The Introductory Discourse and Lectures ...: 1830

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Hilliard, Gray, Little and Wilkins, 1831 - Education

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Page 236 - tis said, when all were fired, Filled with fury, rapt, inspired, From the supporting myrtles round They...
Page 4 - Of law there can be no less acknowledged, than that her seat is the bosom of God, her voice the harmony of the world ; all things in heaven and earth do her homage, the very least as feeling her care, and the greatest as not exempted from her power...
Page 8 - For a wise man, he seemed to me at that time, to be governed too much by general maxims. I speak with the freedom of history, and, I hope, without offence. One or two of these maxims, flowing from an opinion not the most indulgent to our unhappy species, and surely a little too general, led him into measures that were greatly mischievous to himself; and for that reason, among others...
Page 175 - H' had hard words ready to show why, And tell what rules he did it by ; Else, when with greatest art he spoke, You'd think he talked like other folk.
Page 239 - ... *I here introduce a fact,' he remarks,' which has been suggested to me by my profession, and that is, that the exercise of the organs of the breast by singing contributes very much to defend them from those diseases to which the climate and other causes expose them.
Page 17 - Very few things are incapable of being understood, if they be reduced to their ultimate elements. Hence the reason why the power of accurate and natural analysis is so invaluable to a teacher. By simplification and patience, it is astonishing to observe how easily abstruse subjects may be brought within the grasp of even the faculties of children. Let a teacher, then, first understand a subject himself. Let him know that he understands it. Let him reduce it to its natural divisions and its simplest...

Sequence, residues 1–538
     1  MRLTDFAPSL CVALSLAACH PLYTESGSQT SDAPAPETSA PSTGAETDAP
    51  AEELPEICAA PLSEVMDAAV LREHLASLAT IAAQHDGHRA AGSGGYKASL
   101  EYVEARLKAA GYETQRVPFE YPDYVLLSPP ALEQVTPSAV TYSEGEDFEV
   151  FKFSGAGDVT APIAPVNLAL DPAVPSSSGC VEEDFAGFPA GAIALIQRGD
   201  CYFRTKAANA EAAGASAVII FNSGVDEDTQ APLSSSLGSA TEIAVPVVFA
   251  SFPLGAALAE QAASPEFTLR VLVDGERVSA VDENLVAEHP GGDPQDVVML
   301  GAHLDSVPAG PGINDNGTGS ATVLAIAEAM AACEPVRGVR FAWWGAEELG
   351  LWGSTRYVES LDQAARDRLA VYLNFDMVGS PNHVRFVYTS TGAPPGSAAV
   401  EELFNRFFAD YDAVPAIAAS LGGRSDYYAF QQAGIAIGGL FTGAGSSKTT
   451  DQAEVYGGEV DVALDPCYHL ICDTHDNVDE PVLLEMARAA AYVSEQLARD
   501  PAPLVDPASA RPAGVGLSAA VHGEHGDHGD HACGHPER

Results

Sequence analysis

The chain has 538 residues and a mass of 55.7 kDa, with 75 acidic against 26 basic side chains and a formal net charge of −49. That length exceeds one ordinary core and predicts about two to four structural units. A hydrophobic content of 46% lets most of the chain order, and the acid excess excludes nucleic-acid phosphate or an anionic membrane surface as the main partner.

Page 18 - Let exercises be so devised as to make the pupil familiar with its application. Let him construct exercises himself. Let him not leave them until he feels that he understands both the law and its application, and is able to make use of it freely and without assistance.
Page ii - Co. of the said district, have deposited in this office the title of a book, the right whereof they claim as proprietors, in the words following, to wit : " Tadeuskund, the Last King of the Lenape. An Historical Tale." In conformity to the Act of the Congress of the United States...
Page 17 - So that it is perfectly true, that if you wished so to teach as to make the mind the fittest possible instrument for discovering, applying, and obeying the laws of the Creator, you would so teach as to give to the mind the greatest amount of knowledge; and, on the contrary, if you wished so to teach as to give to a pupil, in a given time, the greatest amount of knowledge, you would so teach as to render his mind the fittest instrument for discovering, applying, and obeying the laws of its Creator....
Page 239 - God ; and it should be used as a means of enjoyment, that it may lead us on to devotion. The ear as well as the eye is made the inlet of pleasure, that we may first enjoy it, and then, by learning its value, be made thankful to Him who bestows it. The late President Dwight observed, ' The great end of God in the creation is to make men happy, and he that makes a little child happier for half an hour, is so far a fellow-worker with God.

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